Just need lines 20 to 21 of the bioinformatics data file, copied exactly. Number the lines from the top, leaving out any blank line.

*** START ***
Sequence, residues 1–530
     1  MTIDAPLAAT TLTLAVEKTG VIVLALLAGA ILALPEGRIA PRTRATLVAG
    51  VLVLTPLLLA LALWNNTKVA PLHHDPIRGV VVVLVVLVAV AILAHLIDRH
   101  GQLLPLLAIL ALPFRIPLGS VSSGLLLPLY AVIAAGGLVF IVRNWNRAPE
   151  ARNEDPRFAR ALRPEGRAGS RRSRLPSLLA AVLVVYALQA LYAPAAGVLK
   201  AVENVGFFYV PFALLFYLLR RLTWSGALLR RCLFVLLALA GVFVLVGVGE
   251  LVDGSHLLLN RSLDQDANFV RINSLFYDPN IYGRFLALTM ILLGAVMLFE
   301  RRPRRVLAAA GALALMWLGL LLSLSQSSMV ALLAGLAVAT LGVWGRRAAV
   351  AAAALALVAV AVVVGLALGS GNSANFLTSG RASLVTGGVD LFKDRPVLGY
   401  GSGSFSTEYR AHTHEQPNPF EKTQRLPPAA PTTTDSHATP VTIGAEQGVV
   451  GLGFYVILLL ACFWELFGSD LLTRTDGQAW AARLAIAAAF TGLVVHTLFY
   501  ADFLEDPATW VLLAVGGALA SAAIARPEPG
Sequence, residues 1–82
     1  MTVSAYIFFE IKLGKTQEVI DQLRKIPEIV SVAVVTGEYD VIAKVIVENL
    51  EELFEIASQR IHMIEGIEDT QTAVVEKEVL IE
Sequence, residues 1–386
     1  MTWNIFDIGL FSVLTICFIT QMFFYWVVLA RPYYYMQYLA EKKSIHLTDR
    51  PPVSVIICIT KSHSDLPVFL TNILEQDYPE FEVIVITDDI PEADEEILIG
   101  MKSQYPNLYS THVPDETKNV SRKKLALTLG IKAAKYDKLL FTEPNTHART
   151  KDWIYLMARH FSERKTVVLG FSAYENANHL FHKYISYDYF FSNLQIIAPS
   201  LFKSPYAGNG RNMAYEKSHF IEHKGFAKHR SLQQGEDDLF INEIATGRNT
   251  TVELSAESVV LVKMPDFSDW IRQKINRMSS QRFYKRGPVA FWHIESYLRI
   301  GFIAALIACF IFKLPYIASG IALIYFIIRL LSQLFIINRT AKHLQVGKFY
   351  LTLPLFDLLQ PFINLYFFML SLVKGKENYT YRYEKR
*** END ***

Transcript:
   151  KDWIYLMARH FSERKTVVLG FSAYENANHL FHKYISYDYF FSNLQIIAPS
   201  LFKSPYAGNG RNMAYEKSHF IEHKGFAKHR SLQQGEDDLF INEIATGRNT